Page 13 - U4SSC Case study: Affordable housing and social inclusion, June 2020
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In 2014, Nomadic Resorts was approached by Resplendent Ceylon, a successful local hotel management
            company, and asked to design a low-impact, tented resort that would set a sustainability benchmark
            in Sri Lanka and rival the high-end safari operators in Southern Africa. The aim of the project was
            to rehabilitate a 7-hectare site, build a tent camp and transform the site into a sanctuary for the
            surrounding wildlife.

            There were, however, a range of complex challenges associated with the project – the site had been
            leased as part of a tourism development initiative – as water, electricity and sewage treatment facilities
            were all absent. The site was a 14 km drive from the nearest village and the winding, dirt road access
            was challenging. In essence, a resort for 72 guests and a staff village to cater for nearly 120 personnel
            was created, in an area regularly frequented by elephants, leopards and bears.

            These challenges were overcome by developing relations with the local community, using a former
            school principal as the community manager in the village and a 22-year-old British intern from the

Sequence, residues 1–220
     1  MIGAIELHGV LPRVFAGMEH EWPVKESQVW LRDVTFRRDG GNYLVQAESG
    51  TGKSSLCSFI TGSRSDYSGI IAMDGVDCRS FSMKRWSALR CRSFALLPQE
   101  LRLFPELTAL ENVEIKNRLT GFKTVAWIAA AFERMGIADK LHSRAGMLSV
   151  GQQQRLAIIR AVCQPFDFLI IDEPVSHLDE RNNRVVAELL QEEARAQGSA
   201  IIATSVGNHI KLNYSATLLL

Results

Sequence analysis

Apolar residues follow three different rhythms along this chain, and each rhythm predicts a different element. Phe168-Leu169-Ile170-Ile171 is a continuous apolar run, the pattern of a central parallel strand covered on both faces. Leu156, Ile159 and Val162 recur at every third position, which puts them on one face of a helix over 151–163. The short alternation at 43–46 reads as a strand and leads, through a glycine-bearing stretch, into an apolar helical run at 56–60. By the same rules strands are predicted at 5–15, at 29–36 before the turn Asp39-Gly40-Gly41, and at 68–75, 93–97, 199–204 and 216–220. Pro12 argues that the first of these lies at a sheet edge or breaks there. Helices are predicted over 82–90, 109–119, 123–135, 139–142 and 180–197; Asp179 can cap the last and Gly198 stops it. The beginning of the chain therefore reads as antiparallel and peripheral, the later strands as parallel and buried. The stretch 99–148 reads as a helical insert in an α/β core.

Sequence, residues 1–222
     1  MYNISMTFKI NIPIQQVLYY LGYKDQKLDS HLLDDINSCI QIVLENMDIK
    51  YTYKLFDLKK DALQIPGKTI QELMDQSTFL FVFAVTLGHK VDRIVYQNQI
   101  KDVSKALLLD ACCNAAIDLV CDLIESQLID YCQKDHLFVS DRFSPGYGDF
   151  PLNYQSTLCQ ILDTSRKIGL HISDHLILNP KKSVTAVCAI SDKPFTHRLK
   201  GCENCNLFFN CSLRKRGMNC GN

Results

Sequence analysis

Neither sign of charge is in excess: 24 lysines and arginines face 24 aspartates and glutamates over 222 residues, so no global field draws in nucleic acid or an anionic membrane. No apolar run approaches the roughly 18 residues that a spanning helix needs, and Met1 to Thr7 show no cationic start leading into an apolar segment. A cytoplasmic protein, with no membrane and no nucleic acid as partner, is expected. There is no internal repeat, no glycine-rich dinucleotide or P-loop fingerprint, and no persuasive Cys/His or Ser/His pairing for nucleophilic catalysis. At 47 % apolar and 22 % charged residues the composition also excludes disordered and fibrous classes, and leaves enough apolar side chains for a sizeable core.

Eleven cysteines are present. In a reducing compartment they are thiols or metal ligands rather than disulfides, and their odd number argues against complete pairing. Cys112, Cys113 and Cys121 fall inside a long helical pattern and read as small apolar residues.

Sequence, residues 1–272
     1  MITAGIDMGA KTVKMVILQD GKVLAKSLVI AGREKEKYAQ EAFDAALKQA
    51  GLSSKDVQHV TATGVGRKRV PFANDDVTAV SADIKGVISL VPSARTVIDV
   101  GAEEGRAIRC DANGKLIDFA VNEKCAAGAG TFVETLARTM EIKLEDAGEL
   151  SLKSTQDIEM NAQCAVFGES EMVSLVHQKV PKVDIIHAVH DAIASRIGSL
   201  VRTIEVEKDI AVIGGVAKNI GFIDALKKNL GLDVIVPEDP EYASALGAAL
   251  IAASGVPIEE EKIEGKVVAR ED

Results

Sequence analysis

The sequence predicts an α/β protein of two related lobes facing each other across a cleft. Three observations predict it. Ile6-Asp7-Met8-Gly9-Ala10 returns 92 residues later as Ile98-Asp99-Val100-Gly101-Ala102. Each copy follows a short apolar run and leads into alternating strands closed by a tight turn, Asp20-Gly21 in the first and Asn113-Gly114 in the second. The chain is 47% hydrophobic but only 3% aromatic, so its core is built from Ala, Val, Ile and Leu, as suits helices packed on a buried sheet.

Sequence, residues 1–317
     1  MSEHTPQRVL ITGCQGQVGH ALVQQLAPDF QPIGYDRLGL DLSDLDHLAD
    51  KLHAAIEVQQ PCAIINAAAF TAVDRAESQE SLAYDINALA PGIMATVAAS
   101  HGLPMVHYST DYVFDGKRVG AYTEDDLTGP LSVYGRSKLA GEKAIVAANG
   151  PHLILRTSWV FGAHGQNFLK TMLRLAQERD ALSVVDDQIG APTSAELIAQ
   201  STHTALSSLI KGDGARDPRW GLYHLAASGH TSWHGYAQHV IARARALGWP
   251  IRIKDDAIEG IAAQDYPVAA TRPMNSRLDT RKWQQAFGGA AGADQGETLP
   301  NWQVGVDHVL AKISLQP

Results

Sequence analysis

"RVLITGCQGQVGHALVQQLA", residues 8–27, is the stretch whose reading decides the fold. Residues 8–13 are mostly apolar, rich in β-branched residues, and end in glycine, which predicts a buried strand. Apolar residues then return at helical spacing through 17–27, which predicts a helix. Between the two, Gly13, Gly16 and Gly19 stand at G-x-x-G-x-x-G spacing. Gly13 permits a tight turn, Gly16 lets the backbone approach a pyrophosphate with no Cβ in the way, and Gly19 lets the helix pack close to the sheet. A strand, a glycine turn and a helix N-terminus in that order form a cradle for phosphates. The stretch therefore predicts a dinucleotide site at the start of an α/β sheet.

University of Plymouth as the construction manager, 3D renders for the project were presented to a
            group of 26 local, unskilled workers who were asked to lend their assistance.

            Large,  experienced  contractors  had  already  proved  reticent  to  build  a  series  of  contemporary,
            organically shaped buildings in such a remote location, which were in complete aesthetic contrast to
            their traditional work. However, the local community embraced the project and immediately recognized
            its value and agreed to become involved in the project.

            Vision and content

            The vision of the project was to create a camp with organic architecture that integrates seamlessly into
            the site and the rugged sandy coastline overlooking the Indian Ocean. The entire lodge is designed
            to give visitors an intimate experience of Yala, celebrating the flora, fauna and culture of the area
            with minimal intrusion on the landscape. Local influences form an integral part of the project, from
            vernacular traditions and materials to community involvement. The architecture references natural
            formations in Yala’s landscape, namely the massive, rounded boulders scattered throughout the park,
            at the macro scale, and termite mounds, at the micro scale. Adopting a human scale in between, the
            camp’s main buildings appear as outcrops of boulder-like pavilions clustered organically together at
            either end of the site. Larger, open volumes intersect with smaller enclosed domes that house more
            private functions.

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